One other horse farm owner in Pak Chong district said that AHS killed 60 out of his 148 racehorses costing him over 30 million baht.
Calls for help
On May 5 renowned Thai veterinarian Dr Siraya Chunekamrai said help from local and international sources is urgently is needed to contain what she called a horse welfare disaster, adding that it had already killed 500 horses in Thailand and has the potential to kill thousands more. The equine specialist on the team leading Thailand's response told VIN News Service that the horse mortality rate so far stands at 95%, indicating that this is a particularly deadly strain.
Dr Siraya is chairwoman of the Lampang Pony Welfare Foundation and vice-president of the World Small Animal Veterinary Association. She is treating many affected animals herself and also leading vaccination efforts by equine veterinary volunteers in the country.
The International Coalition of Working Equids (ICWE) has offered support to owners of working horses, donkeys and mules in Thailand.
Simon Carpenter, an entomologist at the Pirbright Laboratory in the United Kingdom, said: “A sustained, persistent outbreak of [AHS] that spreads to other countries would be devastating, not only to the racing industry and companion animals, but also to some of the poorest workers in the region who rely on working horses, donkeys, and mules.”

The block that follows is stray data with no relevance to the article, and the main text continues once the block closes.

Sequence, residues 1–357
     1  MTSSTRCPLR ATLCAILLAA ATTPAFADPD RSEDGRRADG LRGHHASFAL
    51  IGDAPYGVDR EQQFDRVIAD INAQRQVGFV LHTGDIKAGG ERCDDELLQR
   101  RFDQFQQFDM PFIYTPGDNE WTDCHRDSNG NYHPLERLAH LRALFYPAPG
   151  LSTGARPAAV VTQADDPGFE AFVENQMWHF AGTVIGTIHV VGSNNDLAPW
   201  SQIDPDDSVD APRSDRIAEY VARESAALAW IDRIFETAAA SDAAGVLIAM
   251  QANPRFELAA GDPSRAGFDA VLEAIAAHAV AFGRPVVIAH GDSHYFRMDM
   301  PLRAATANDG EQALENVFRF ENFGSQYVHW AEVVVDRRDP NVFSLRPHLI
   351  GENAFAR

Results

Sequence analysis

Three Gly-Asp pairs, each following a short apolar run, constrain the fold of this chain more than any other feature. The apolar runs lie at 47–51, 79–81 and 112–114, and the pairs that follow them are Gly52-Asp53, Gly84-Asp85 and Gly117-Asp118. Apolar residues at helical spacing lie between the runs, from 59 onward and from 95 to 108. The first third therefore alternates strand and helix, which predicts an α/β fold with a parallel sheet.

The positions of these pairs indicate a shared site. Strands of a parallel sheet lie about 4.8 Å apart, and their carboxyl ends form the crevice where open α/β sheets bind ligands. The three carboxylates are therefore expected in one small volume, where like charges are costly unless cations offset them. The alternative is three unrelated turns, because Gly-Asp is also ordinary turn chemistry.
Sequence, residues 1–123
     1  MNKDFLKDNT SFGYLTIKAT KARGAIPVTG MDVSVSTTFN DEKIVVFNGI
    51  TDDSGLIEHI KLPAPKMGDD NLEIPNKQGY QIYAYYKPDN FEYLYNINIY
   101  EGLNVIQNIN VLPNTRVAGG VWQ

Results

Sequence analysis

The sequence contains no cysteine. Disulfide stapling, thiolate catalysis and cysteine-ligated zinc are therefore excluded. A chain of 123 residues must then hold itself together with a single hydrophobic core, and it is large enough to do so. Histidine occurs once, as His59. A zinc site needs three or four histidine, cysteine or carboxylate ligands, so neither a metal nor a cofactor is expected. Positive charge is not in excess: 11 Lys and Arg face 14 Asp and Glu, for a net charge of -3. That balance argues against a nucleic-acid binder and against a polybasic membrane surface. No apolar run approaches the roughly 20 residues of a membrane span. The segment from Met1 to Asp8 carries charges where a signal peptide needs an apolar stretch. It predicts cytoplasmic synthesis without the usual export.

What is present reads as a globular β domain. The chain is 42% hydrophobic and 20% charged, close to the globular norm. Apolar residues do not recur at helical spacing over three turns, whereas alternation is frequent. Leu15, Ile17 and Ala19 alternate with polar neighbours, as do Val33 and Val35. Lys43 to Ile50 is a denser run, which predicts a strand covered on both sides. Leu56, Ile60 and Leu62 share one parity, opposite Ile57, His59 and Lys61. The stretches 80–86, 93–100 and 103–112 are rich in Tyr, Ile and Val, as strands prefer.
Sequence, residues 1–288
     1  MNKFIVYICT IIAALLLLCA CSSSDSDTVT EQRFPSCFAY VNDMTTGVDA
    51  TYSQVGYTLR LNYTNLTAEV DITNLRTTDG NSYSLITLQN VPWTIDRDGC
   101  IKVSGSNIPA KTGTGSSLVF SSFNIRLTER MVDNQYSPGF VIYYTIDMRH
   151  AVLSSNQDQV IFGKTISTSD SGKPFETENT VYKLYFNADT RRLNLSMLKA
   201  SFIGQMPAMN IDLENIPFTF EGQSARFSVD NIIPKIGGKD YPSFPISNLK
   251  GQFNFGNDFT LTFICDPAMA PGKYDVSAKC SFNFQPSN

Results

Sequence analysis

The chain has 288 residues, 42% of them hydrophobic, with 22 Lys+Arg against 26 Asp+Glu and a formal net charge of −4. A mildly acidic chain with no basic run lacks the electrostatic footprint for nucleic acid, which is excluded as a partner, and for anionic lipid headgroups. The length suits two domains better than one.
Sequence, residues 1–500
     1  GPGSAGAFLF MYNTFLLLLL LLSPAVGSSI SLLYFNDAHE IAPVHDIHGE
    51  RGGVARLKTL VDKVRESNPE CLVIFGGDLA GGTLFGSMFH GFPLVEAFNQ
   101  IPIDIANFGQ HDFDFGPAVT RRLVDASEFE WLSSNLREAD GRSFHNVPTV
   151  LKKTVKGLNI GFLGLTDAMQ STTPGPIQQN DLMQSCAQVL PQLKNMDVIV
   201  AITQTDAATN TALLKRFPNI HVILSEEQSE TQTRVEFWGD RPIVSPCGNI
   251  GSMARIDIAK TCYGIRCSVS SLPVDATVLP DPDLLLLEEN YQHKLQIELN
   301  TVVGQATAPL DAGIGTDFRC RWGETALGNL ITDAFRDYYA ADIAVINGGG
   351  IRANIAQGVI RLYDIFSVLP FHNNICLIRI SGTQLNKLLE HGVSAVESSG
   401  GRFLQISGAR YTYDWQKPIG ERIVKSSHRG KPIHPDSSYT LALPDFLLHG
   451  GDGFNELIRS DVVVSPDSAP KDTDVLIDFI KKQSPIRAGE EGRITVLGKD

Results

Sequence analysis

Australian authorities are concerned about the possibility that, if the outbreak is not controlled, infected wind-borne midges might blow south across waterways and light on the herds of island nations, and gradually island-hop their way all the way to Australia. The country has more than one million racing, sport, and feral horses. Chief Veterinary Officer Mark Schipp said Australia is engaging with other countries to develop a regional response to the outbreak.
According to a Reuters report, China’s agricultural ministry is taking samples from horses along its southern border to check for AHS. Cambodia has begun preventive measures along its western border with Thailand. Cambodian officials continue to monitor the country’s borders and have started netting in areas bordering Thailand, according to members of the Cambodian Pony Welfare Organization. Dr Siraya said horse farms in Sa Kaew, Thailand’s eastern-most province, have been protected with nets and all horses in the province have been vaccinated.
The US Department of Agriculture’s Animal and Plant Health Inspection Service on March 31 placed restrictions on the importation of equine species from Thailand.
The International Coalition of Working Equids has responded to an outbreak of AHS by offering support for working equids and their owners.